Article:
Lysander Spooner

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Spooner attained his greatest fame as a figure in the abolitionist movement. His most famous work, a book titled The Unconstitutionality of Slavery, was published in 1845 to great acclaim among many abolitionists but criticism from others.[citation needed] Spooner's book contributed to a controversy within the abolitionist movement over whether the United States Constitution supported the institution of slavery. The "disunionist" faction, led by William Lloyd Garrison and Wendell Phillips, argued the Constitution legally recognized and enforced the oppression of slaves (as, for example, in the provisions for the capture of fugitive slaves in Article IV, Section 2).[citation needed] They also cited the frequent appeals to Constitutional compromise by Southern politicians, who insisted that protection of the "peculiar institution" was part of the sectional compromise on which the Constitution was based.[citation needed] The disunionists thus argued that keeping the free states in a political union with the slave states made the citizens of the free states complicit in the slave system, and denounced the Constitution as "a covenant with death and an agreement with hell."[6] More generally, Wendell Phillips disputed Spooner's notion that any unjust law should be held legally void by judges.[7]

Spooner challenged the claim that the text of the Constitution supported slavery.[8] Although he recognized that the Founders had probably not intended to outlaw slavery when writing the Constitution, he argued that only the meaning of the text, not the private intentions of its writers, was enforceable. Spooner used a complex system of legal and natural law arguments in order to show that the clauses usually interpreted as supporting slavery did not, in fact, support it, and that several clauses of the Constitution prohibited the states from establishing slavery under the law.[citation needed] Spooner's arguments were cited by other pro-Constitution abolitionists, such as Gerrit Smith and the Liberty Party, which adopted it as an official text in its 1848 platform. Frederick Douglass, originally a Garrisonian disunionist, later came to accept the pro-Constitution position, and cited Spooner's arguments to explain his change of mind.[9]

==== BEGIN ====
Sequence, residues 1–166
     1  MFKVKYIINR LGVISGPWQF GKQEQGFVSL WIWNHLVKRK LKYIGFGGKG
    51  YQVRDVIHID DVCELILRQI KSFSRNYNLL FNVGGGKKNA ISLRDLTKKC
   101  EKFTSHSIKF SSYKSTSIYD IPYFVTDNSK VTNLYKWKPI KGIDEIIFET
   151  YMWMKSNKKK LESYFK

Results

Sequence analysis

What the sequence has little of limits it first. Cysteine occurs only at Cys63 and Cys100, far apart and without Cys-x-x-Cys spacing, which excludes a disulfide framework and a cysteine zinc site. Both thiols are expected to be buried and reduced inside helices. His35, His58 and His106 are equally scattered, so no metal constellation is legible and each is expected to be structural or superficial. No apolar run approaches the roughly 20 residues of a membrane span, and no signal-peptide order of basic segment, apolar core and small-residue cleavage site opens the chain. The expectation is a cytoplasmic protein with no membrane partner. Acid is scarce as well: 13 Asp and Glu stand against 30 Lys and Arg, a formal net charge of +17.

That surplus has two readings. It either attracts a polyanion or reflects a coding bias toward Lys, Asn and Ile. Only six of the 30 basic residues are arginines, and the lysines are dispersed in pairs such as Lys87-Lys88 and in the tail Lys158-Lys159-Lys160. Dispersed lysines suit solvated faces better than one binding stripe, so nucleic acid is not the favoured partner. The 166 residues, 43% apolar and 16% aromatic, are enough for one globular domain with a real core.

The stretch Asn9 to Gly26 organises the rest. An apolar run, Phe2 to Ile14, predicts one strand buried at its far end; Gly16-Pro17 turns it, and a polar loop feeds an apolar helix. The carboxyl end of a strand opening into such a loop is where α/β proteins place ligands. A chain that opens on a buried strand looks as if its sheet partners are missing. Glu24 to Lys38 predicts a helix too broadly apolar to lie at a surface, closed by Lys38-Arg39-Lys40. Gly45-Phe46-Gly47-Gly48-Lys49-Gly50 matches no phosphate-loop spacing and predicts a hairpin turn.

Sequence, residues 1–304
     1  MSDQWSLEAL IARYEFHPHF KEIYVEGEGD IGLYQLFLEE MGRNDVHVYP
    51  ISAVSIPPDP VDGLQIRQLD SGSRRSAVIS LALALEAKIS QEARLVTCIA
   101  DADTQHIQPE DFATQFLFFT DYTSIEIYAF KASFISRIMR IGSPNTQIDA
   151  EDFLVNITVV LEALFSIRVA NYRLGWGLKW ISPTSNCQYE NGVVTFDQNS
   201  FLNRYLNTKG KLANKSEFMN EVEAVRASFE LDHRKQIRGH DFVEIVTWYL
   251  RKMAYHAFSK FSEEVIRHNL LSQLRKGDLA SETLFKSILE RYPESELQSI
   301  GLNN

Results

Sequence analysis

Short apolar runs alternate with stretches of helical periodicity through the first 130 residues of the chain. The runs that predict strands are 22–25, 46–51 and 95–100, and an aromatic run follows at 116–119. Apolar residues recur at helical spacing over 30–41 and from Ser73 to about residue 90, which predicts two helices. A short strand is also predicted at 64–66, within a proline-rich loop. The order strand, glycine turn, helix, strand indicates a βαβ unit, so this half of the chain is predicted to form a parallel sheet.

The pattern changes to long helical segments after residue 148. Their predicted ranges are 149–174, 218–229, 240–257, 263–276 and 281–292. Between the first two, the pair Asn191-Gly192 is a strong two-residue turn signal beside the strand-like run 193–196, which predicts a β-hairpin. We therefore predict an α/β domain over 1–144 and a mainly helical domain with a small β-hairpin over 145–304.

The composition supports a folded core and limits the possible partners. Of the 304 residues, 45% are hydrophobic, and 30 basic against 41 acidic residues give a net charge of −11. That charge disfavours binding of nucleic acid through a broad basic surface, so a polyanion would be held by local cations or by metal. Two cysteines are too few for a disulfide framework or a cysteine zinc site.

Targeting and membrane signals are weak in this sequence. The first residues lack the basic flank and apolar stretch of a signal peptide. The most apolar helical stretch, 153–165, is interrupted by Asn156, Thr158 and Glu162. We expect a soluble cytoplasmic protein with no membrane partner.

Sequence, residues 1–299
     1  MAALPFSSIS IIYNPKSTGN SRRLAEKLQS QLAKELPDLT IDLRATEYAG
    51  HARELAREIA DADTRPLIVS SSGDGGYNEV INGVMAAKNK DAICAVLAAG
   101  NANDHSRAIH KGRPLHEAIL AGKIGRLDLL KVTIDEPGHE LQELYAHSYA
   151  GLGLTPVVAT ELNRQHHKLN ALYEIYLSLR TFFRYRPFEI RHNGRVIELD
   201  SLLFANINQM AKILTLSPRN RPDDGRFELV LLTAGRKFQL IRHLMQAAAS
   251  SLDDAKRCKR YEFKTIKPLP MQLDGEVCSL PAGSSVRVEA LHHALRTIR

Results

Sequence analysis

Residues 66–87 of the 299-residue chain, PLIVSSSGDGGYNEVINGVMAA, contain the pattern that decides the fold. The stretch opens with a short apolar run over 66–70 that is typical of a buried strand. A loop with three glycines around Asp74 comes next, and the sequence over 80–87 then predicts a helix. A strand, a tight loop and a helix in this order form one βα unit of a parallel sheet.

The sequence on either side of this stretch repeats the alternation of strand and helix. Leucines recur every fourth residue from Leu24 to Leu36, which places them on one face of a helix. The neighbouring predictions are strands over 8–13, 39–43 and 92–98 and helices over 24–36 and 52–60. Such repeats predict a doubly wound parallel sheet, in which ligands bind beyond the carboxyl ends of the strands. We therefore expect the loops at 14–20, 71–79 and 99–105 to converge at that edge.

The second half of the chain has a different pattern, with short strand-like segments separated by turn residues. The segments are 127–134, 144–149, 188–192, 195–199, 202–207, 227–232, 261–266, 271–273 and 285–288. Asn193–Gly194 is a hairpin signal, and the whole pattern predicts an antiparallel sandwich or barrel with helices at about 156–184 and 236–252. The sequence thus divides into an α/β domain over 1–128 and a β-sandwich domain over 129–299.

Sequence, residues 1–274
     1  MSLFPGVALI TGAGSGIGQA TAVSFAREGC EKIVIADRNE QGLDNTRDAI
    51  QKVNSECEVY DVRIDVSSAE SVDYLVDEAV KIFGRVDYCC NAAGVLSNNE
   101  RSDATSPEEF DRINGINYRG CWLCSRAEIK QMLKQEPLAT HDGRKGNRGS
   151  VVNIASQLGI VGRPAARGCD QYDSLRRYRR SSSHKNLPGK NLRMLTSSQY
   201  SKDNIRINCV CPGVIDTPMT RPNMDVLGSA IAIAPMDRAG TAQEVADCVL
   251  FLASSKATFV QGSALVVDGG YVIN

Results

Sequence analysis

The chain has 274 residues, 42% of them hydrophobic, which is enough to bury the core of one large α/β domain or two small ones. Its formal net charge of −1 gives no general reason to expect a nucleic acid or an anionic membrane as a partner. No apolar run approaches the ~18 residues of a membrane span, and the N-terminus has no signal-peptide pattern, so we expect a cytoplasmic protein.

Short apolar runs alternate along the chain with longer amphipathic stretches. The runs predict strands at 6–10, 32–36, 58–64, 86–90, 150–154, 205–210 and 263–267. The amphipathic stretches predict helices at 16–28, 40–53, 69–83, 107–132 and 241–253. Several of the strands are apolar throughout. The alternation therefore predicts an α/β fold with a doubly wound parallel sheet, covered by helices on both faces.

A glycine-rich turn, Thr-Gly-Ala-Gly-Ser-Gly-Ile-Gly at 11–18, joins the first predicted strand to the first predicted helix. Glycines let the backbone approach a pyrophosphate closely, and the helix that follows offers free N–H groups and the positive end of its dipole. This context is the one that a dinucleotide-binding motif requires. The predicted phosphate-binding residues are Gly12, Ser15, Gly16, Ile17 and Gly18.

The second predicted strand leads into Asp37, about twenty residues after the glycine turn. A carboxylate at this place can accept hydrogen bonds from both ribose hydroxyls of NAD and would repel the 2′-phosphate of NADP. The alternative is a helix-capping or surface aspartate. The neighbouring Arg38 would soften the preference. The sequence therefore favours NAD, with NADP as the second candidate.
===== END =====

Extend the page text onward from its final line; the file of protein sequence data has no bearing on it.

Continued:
From the publication of this book until 1861, Spooner actively campaigned against slavery.[10] He published subsequent pamphlets on Jury Nullification and other legal defenses for escaped slaves and offered his legal services, often free of charge, to fugitives.[11] In the late 1850s, copies of his book were distributed to members of Congress sparking some debate over their contents. Even Senator Albert Gallatin Brown of Mississippi, a slavery proponent, praised the argument's intellectual rigor and conceded it was the most formidable legal challenge he had seen from the abolitionists to date. In 1858, Spooner circulated a "Plan for the Abolition of Slavery,"[12] calling for the use of guerrilla warfare against slaveholders by black slaves and non-slaveholding free Southerners, with aid from Northern abolitionists. Spooner also participated in an aborted plot to free John Brown after his capture following the failed raid on Harper's Ferry, Virginia (Harper's Ferry is now part of the state of West Virginia).

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